The latest reports about Amur tigers (Panthera tigris altaica), from a team of scientists from Russia, Spain and Germany, appearing in the latest issue of journal Mammalian Biology is really worrying.
The researchers say the Amur tigers have been reduced to an effective population of fewer than 14 animals. Approximately 500 Amur tigers live in the wild, but the effective population is a measure of the genetic diversity of the Amur tiger.
Genetic bottleneck during the tigers' recent history has been brought out by the research. Mode shift in allele frequencies tests were positive, while the M-ratio test was negative, indicating the likelihood of a contemporary rather than a historical population bottleneck. This translates in to a situation where any vulnerability to disease or rare genetic disorders is likely to be passed on to the next generation. A more genetically diverse population of animals has a much better chance of survival.The research highlights the fact that detection of genetic bottleneck signatures in wildlife species is highly relevant for conservation.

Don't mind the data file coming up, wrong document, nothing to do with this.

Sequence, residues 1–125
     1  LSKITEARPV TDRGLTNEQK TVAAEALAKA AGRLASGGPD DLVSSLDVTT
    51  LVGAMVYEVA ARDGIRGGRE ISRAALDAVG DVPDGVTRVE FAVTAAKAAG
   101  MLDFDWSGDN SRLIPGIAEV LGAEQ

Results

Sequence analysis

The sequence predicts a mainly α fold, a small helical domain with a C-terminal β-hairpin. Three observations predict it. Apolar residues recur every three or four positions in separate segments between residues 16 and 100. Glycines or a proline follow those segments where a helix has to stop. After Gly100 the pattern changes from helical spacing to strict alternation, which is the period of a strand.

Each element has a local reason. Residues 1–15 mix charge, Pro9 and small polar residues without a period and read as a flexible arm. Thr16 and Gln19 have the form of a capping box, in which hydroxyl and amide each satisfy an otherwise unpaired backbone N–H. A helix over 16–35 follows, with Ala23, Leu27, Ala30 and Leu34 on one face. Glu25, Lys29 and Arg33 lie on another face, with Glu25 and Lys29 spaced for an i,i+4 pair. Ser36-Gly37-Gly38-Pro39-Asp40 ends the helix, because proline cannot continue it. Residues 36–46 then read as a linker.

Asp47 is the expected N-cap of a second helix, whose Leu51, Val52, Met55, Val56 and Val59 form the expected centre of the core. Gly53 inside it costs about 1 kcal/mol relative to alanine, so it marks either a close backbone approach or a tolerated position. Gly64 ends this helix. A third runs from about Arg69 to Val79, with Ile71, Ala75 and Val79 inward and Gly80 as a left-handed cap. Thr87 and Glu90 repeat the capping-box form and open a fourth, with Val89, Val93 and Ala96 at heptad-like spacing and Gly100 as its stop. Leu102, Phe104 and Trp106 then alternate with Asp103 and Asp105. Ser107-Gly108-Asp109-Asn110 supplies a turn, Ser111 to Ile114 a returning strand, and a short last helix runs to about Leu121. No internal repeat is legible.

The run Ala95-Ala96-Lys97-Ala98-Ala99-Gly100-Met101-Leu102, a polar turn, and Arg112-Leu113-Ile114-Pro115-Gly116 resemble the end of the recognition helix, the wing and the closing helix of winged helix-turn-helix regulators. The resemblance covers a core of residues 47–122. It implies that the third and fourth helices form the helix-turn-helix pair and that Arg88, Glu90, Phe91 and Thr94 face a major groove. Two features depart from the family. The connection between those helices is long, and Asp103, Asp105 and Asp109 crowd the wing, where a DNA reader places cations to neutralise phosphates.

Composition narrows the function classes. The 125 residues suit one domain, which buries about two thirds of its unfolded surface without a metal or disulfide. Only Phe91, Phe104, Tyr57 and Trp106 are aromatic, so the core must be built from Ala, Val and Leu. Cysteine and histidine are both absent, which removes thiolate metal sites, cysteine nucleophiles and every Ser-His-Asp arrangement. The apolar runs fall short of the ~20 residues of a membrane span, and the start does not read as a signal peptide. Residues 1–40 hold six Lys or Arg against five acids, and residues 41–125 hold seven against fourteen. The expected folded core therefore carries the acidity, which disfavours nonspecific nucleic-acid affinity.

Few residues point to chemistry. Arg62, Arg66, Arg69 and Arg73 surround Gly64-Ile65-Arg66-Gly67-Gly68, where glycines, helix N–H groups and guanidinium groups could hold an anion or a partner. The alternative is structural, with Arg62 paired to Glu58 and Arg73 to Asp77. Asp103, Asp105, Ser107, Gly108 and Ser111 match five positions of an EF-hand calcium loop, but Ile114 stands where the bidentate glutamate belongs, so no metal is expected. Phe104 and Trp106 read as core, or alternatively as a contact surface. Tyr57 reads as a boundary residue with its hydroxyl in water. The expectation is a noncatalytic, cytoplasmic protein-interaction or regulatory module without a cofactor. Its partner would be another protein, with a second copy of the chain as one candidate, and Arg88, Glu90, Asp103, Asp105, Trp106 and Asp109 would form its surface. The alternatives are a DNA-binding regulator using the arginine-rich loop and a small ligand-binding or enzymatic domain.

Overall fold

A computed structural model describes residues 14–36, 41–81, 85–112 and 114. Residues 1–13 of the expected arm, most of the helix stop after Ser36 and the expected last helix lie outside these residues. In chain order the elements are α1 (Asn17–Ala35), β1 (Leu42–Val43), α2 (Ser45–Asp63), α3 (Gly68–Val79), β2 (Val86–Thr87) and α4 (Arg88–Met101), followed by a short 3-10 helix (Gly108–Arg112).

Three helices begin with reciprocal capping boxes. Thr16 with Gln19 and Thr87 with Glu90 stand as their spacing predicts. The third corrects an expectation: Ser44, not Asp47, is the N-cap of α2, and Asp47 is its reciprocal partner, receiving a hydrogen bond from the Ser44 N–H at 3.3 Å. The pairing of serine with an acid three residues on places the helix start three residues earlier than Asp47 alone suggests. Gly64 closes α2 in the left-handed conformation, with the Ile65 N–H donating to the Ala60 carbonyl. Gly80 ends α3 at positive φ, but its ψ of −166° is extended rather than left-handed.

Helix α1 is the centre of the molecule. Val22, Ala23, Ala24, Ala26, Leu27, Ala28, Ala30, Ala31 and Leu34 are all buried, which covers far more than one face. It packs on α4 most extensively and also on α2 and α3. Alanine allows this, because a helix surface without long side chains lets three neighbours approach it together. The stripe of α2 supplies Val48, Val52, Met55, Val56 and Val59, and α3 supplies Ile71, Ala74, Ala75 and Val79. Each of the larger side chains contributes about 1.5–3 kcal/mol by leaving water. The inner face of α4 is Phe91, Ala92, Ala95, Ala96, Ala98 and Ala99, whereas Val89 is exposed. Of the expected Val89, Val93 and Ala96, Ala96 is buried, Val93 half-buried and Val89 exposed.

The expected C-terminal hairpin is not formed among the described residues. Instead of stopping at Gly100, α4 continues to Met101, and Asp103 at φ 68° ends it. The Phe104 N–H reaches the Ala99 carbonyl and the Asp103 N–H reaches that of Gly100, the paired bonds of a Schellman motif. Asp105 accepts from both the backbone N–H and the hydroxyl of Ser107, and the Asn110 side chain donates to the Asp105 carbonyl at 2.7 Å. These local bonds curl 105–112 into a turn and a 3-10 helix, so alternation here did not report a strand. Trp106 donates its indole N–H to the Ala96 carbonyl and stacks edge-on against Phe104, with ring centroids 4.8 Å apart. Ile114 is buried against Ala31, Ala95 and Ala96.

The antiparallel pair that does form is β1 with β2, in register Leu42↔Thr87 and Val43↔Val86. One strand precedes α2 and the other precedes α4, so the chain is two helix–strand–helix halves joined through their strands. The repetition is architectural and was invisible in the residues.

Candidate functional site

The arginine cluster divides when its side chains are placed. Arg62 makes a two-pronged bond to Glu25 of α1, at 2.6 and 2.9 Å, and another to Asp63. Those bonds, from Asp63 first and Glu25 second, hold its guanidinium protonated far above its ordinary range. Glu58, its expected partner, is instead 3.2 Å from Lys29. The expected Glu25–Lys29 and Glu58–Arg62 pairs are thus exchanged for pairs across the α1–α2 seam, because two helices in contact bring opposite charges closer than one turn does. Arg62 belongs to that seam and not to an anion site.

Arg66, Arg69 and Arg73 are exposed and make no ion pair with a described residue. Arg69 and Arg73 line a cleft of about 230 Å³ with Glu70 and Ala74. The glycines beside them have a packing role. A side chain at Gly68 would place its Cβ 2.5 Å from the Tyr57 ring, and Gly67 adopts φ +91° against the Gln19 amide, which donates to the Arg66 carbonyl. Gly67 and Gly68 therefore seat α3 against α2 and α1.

Siberian tiger's recent population bottleneck in the Russian Far East revealed by microsatellite markersMammalian Biolog